Two construction workers on site.

2020 has been riddled with ongoing change due to the lasting impacts of COVID-19, and these changes have undoubtedly had an acute affect, in particular, on the way Americans are able to work.

Specific to the skilled trades, there are many ways in which this sector of the American workforce has been continually affected. Looking onward to 2021, there are a handful of likely trends we can expect within this industry as these changes continue to unfold.

Unemployed Americans are looking for stable jobs

For one, the COVID-19 pandemic forced a great change in the way people could safely go to work during the year 2020- and many industries were forced to lay off employees as a result. As of November, the number of Americans currently considered “long-term unemployed” (those jobless for 27 weeks or more) reached nearly 4 million.

One of the more stable spots within this struggling American workforce, however, could be found within the skilled trades industry, in roles like home building and construction. Throughout the pandemic, many individuals working within roles like these remained gainfully employed.

Moving into 2021, many individuals previously employed within industries more acutely impacted by layoffs - such as restaurant and retail - are seeking that same stable job security as they look to economically recover and move forward.

Laid off workers may pursue education while looking to bolster resumes

As a result of this mass search for employment, 2021 may likely be a year defined by reskilling and upskilling as individuals look to receive necessary training and enter entirely new fields.

Making it an attractive alternative, not only did employment within skilled trades remain stable during the pandemic, the work is historically well compensated - something economically suffering Americans seek now more than ever. According to the 2019 Bureau of Labor Statistics Occupational Employment Statistics (OES), half of payroll workers in construction earn more than $49,030 and the top 25% make at least $68,690. In comparison, the U.S. median wage is $39,810, while the top quartile (top 25%) makes at least $64,240.

Many unemployed individuals with previous experience in retail or restaurant work may see figures like these and find themselves interested in pursuing an entry level role in this industry, which may require them to undergo skilled trades training, or receive some type of credentials, before doing so.

According to a recent analysis by Forbes, “Adding new skills, getting a more in-demand skill certificate, learning a trade, going to graduate school, or finishing a college education will all be needed for people to transition into new, different careers and jobs.”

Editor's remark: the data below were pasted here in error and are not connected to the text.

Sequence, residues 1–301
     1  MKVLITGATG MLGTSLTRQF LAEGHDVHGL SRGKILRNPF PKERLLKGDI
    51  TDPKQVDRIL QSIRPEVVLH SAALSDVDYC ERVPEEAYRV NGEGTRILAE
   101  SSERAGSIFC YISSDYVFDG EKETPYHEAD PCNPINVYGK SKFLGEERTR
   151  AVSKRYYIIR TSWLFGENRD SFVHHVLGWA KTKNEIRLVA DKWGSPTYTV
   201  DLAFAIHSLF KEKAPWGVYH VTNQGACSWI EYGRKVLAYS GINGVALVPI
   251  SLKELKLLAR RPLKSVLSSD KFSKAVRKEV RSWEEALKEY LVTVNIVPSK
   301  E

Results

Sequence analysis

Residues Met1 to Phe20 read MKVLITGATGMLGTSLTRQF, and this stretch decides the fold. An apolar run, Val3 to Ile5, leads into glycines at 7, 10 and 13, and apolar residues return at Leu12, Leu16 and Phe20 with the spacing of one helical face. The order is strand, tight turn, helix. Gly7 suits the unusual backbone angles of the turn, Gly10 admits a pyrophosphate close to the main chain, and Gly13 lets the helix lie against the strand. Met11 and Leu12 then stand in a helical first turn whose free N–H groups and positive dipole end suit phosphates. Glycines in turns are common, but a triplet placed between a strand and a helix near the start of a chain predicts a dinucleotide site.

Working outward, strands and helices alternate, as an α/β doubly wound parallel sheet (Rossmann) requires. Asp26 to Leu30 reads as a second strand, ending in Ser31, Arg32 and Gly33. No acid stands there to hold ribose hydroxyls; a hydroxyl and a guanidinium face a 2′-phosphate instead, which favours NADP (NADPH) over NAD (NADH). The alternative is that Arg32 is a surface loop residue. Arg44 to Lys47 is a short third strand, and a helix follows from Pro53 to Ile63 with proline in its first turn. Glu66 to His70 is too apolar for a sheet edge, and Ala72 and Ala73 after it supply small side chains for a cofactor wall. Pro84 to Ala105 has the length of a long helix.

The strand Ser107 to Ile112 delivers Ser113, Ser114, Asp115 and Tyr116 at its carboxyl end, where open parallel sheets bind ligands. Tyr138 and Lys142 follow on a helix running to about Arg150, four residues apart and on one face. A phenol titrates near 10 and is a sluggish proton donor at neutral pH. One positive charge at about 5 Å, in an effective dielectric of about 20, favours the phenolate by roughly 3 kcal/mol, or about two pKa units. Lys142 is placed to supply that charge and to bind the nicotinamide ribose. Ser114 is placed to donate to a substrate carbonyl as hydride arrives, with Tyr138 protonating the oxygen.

A traditionally hands-on industry, skilled trades companies will increasingly embrace digital

While the skilled trades industry at large was substantially less impacted by COVID-19 in terms of layoffs and joblessness, that’s not to suggest that this industry isn’t continually adapting to the “new normal” as well. According to recent update from Industry Week, “Traditional manufacturers are starting to endorse remote work in leaps and bounds, too. The Conference Board notes that within the manufacturing sector, the percentage of U.S. full-time employees working primarily from home (at least three days each week) significantly increased from 7% to 32%. A culture shift is happening, where even the most conservative companies are realizing the benefits and ease of connectedness that digital collaboration tools can bring.”

Skilled trades employers who previously expressed a struggle to find and retain talent may potentially find themselves inundated with entry-level workers looking to dive into this industry in search of stable work and a fresh start. Given this trend, the potential for digital, at-home supplemental education for employees within an organization remains central to the conversation around practical workforce development in 2021.

Preparing for 2021 by partnering with Penn Foster

Given the unique circumstances headed into 2021, employers can proactively prepare by partnering with workers to help provide training and upskilling to new and existing employees.

Helping new employees learn and prepare for these changes does more than create more qualified employees for your business. It improves morale, boosts retention, and shows employees that you care about their personal and professional development. To learn more about how Penn Foster can help your organization move forward in the new year, click here.